Earlier, incinerators had to be imported but now, there are a few good manufacturers of quality incinerators in India itself.

Pollution control

Earlier, wet scrubbing systems were prevalent but now, dry scrubbing is in vogue. Ceramic candle filters are being preferred over bag filters.

Pollutants generated during the incineration process are being collected in the form of solid dust. There are prescribed limits for flue gases which emerge from the incinerator; it is mandatory for these to be monitored in the chimney.


There are definite standard operating procedures that need to be followed for incinerators; their monitoring is very stringent. The state and central pollution control boards have access to the above data, and can monitor it online. If any parameter breaches prescribed limits, they can act as per rules and impose environmental penalties.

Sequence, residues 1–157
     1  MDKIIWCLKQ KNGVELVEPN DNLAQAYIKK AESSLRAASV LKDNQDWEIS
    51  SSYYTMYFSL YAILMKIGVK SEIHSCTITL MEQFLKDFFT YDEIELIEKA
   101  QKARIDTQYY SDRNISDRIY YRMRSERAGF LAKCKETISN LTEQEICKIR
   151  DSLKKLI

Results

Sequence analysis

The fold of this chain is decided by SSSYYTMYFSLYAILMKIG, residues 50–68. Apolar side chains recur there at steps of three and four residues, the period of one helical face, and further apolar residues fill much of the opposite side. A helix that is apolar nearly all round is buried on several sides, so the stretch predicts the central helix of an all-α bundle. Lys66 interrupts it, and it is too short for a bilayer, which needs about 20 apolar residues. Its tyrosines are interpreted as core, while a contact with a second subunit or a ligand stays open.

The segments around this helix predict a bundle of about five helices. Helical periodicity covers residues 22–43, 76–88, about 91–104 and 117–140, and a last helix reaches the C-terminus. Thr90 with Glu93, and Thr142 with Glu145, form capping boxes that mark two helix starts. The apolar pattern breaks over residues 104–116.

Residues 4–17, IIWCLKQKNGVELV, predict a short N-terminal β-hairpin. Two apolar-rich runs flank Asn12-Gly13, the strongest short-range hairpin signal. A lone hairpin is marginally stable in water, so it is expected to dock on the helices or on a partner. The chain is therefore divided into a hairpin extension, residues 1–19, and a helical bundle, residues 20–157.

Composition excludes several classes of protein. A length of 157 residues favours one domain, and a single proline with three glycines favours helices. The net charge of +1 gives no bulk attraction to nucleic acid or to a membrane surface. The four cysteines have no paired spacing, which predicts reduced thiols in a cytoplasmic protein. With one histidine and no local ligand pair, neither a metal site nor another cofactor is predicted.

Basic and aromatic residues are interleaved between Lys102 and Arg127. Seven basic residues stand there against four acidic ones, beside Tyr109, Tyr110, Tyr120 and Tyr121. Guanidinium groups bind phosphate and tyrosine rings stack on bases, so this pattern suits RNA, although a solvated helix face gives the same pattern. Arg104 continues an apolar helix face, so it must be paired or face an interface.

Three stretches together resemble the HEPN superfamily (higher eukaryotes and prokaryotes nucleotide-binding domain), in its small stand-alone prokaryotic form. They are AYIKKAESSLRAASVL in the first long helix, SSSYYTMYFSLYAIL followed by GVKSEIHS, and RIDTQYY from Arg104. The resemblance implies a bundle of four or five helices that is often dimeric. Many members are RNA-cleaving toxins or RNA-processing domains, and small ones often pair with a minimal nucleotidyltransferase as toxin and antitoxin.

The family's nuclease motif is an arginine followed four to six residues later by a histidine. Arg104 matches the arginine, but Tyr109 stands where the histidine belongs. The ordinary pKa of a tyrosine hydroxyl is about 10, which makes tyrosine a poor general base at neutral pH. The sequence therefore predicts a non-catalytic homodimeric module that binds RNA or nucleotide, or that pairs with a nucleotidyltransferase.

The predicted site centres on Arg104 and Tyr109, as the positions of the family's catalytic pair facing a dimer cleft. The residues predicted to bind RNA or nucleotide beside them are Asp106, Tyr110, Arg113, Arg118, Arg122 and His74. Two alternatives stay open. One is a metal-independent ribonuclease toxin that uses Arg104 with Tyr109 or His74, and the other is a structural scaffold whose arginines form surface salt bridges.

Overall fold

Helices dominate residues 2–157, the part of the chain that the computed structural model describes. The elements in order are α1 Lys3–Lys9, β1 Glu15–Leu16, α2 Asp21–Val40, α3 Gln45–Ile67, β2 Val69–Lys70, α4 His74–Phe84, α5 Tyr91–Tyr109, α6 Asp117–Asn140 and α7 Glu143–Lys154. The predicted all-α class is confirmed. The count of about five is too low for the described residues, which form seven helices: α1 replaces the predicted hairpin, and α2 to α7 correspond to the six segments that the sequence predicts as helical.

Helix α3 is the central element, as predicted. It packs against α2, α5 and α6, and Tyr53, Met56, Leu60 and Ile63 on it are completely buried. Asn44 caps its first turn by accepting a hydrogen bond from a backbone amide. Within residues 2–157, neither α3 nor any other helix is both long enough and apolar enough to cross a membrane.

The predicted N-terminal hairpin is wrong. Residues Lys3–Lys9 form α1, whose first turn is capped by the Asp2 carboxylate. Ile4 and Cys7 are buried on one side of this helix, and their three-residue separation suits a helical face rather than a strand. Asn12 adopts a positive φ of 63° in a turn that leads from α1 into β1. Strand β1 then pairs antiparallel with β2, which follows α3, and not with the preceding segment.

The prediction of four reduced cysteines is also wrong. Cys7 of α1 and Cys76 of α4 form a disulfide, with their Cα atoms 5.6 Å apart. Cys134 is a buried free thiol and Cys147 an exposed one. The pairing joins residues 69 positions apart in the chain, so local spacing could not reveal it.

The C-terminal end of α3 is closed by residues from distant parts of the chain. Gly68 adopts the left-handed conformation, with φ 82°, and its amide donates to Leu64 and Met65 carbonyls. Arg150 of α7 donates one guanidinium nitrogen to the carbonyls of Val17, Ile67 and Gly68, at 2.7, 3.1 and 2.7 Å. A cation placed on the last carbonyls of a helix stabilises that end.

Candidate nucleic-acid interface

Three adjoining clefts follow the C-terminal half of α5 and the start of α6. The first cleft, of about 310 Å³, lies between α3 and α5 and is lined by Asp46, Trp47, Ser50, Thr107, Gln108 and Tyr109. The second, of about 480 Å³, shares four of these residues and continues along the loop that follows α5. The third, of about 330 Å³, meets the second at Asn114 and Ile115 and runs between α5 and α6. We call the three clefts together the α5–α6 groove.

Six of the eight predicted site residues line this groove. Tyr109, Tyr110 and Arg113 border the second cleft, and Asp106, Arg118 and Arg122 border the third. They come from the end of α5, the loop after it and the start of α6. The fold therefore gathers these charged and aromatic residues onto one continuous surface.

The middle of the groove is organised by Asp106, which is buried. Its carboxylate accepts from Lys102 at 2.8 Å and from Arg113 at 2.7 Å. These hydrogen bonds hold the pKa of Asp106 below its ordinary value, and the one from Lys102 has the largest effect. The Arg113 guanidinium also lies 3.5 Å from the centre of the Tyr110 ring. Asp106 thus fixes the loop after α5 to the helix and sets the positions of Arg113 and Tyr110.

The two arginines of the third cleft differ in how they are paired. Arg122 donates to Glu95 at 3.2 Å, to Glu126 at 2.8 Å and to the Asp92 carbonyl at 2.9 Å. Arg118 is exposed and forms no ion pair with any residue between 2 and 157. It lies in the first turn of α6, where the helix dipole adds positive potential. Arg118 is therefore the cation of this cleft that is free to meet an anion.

Liquid waste

Pharma production facilities are mandated to have a zero liquid discharge (ZLD) system, 100% of the liquid waste has either to be recycled or evaporated.

First, all effluents need to be treated as per norms, after which it is sent through a reverse osmosis system that can recover 85-90% of water for reuse. The remaining 10% has very high total dissolved solids; the water part is evaporated and the solid component is sent to the TSDF.

Plastic recycling

EPR is mandatory for the pharma industry. As manufacturers, they have to get registered with the state pollution control board if they are operating in two states, and with the central pollution control board if they are operating in more than two states.

100% of pharma plastic, if collected, is recyclable. Considering the high-stakes nature of the business, high quality, pure plastic tends to be used, which has a high recyclability value.